Thursday, July 23, 2009

Forget the Whole Text, Read the First Three Words

In letters so big you could practically read them from across the room.

We the People...

Hopefully we all know what that is from, and understand why it was there to begin with, so emphasized. 

Jay commented on my previous post to express his concern that the strength of the Individual States to fight federal overrule is greatly impaired by the Supremacy Clause, and the 14th Amendment to the Constitution, and that the Individual States may find themselves without a leg to stand on as they begin to assert their rights to self rule.

I understand his concern there, and thought I would reply with my own thoughts, though I don't know if I have too many ideas on the subject that are not already known to most of you.

These are the two snips in question, which some people think have lent credence to the idea that the Federal Government may overrule the will, and law, of the individual states of its union, and in some cases, have allowed it to do so. 
"This Constitution, and the Laws of the United States which shall be made in Pursuance thereof; and all Treaties made, or which shall be made, under the Authority of the United States, shall be the supreme Law of the Land; and the Judges in every State shall be bound thereby, any Thing in the Constitution or Laws of any State to the contrary notwithstanding." -- The Supremacy Clause.
"No State shall make or enforce any law which shall abridge the privileges or immunities of citizens of the United States." -- Privileges and Immunities Clause, 14th Amendment.
Personally, I don't think that they do in fact, override, legally, the rights of the states to make their own governments, as such is clearly protected by the 10th Amendment, and I'll try to explain my reasoning, though  wont get into individual case citations, and leave it as just a broad overview.

The 14th amendment is clearly of less concern, out of the two of them, as it is written to protect the privileges and rights of the Citizens and not of the Federal Government, and I don't think it offers any real resistance to a state blocking federal law enforcement activities. Being raided and arrested by UncleBATFEcker is hardly a privilege, now is it? This clause was really only intended to limit state governments and extend the first 8 Constitutional amendments, constituting the bill of rights, which limited congress, to limiting state legislatures. (though this was actually done, instead, through the Due Process Clause, to all but the second and third amendments and as such, the Privileges and Immunities clause, though very strongly worded, had little legal effect)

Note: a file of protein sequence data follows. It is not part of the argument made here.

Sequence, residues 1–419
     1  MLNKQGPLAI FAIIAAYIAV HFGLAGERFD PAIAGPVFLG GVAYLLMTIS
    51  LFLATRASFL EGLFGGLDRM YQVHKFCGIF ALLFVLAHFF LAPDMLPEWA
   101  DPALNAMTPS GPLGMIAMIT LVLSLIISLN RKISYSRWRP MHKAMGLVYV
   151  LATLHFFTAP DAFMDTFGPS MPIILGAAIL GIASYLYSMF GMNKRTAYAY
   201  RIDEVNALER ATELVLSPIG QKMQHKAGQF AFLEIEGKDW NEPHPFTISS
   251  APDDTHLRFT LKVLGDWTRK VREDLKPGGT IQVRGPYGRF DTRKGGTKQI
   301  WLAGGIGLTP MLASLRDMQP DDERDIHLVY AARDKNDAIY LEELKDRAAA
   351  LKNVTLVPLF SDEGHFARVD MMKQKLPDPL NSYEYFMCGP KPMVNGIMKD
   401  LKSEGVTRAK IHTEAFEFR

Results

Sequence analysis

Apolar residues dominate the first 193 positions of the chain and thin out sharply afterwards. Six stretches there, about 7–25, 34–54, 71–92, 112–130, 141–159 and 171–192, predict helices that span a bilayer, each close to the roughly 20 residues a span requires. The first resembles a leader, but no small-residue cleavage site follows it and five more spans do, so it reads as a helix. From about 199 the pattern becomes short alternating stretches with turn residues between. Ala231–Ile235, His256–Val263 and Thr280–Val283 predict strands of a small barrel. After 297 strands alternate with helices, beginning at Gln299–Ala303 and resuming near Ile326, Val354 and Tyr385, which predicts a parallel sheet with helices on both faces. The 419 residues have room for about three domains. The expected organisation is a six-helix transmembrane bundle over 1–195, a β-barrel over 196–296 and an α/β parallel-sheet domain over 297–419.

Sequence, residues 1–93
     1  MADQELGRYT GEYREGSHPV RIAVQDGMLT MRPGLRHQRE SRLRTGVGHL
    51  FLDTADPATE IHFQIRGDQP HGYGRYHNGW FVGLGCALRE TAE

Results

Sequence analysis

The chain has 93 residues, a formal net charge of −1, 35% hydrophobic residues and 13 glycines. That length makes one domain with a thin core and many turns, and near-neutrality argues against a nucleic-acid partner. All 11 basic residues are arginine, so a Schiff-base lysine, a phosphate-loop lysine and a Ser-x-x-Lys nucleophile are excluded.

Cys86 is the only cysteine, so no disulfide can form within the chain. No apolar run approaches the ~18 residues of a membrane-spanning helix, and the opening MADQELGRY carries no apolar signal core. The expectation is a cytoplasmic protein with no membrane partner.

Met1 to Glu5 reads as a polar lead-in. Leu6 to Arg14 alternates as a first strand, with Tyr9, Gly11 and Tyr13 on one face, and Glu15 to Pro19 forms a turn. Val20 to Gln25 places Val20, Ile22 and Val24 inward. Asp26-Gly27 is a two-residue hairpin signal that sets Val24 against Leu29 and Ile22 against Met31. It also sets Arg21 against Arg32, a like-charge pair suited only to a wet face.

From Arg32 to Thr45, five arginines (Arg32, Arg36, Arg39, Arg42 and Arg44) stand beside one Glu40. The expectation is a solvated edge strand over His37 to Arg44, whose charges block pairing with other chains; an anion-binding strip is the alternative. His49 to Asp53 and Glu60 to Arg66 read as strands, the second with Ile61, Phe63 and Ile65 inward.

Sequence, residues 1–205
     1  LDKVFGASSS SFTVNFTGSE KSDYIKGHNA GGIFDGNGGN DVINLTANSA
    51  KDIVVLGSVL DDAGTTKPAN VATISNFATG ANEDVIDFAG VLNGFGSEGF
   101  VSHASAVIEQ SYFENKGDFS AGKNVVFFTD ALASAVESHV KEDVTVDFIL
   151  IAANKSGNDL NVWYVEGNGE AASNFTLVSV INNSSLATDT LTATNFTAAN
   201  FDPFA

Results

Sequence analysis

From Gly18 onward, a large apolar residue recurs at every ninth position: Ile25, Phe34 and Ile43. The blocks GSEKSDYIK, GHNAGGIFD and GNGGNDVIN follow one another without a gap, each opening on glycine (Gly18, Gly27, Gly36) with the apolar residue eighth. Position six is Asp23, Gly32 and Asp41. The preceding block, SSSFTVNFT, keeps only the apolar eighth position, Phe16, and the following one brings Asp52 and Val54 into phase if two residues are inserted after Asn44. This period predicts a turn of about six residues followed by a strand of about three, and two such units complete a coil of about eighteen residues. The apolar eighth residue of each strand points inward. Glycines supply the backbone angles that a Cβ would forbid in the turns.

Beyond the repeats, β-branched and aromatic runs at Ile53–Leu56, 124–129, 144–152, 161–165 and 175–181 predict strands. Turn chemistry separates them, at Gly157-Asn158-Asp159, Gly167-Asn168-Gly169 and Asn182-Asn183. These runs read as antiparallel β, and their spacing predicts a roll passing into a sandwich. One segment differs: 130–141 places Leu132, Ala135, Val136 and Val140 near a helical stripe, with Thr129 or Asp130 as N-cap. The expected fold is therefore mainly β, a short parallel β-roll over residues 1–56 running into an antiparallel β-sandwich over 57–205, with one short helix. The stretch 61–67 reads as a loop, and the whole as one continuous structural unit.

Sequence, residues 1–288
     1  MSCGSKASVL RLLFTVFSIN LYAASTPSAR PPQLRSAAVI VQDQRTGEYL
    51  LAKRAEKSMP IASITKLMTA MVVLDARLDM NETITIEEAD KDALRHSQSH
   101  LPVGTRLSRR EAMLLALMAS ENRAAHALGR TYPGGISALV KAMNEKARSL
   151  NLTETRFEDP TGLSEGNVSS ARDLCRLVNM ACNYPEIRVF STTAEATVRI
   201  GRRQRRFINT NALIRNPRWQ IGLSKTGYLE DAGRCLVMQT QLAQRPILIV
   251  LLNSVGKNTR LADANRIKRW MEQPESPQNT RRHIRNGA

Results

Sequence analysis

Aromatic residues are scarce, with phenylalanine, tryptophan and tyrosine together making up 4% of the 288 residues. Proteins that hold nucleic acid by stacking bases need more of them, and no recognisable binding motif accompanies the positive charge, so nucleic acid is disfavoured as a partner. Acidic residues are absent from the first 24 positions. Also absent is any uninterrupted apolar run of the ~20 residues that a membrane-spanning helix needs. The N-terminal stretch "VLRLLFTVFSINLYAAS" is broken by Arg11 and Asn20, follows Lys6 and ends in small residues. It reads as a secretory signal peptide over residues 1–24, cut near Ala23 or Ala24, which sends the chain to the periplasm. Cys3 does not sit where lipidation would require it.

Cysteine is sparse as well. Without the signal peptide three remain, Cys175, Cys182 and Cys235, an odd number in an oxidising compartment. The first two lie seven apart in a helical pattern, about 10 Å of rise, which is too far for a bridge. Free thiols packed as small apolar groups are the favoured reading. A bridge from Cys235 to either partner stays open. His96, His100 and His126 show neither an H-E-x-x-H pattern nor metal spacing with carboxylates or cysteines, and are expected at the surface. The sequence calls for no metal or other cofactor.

The Supremacy Clause, on the other hand, is indeed a bag of worms, and one which both theory and the Supreme Court's actions based upon it have been swinging back and forth for years. John Marshall, named chief justice of the Supreme Court in 1801, was the first person to take the viewpoint that no state law could conflict with federal law, and stated "the government of the Union, though limited in its power, is supreme within its sphere of action." This would be very much of concern if this was still the viewpoint the courts would take, as it leaves little room for questioning any Federal Authority, in an age where much of the limited power Marshal spoke of has long been expanded.

However, by the time the War Between the States was over, the court changed its position thoroughly, and consistently upheld state laws in contradiction to federal, by invoking the 10th amendment. Powers not delegated to the federal government are reserved to the states or to the people. 

Then came the Great Depression, and back to broad national overreaching powers we went, some say by necessity, and some say by design.

Where we are today, in the court's oppinion, is hard to say, but if the number of states who have passed resolutions affirming their 10th amendment rights is any indication, our own state of Arizona included, and most recently, Alaska, (I should have a link here to the full list, but i couldn't find one) I would say at least popular support is heading the direction of States Rights. No matter which side you would choose to support, there is plenty of case law to support either viewpoint, and case law offers some guidance in setting conditions to decide if the Supremacy Clause is sufficient for the courts to decide to override the laws of an individual state, on a case by case basis.

Two issues arise when state action is in apparent conflict with federal law. The first is whether the congressional action falls within the powers granted to Congress by the constitution. If Congress exceeded its authority, the congressional act is invalid and, despite the Supremacy Clause, has no priority over state action. This, for once, is a very consistent viewpoint of the courts, even if they vary on their opinion of what exact powers the constitution does grant to Congress. The second issue we have to consider is whether Congress intended its policy to supersede state policy. Congress often acts without intent to preempt state policy making or with an intent to preempt state policy on a limited set of issues. Congress may intend state and federal policies to coexist, and if no intention of preemtion was present, there no reason that they cannot be made to coexist.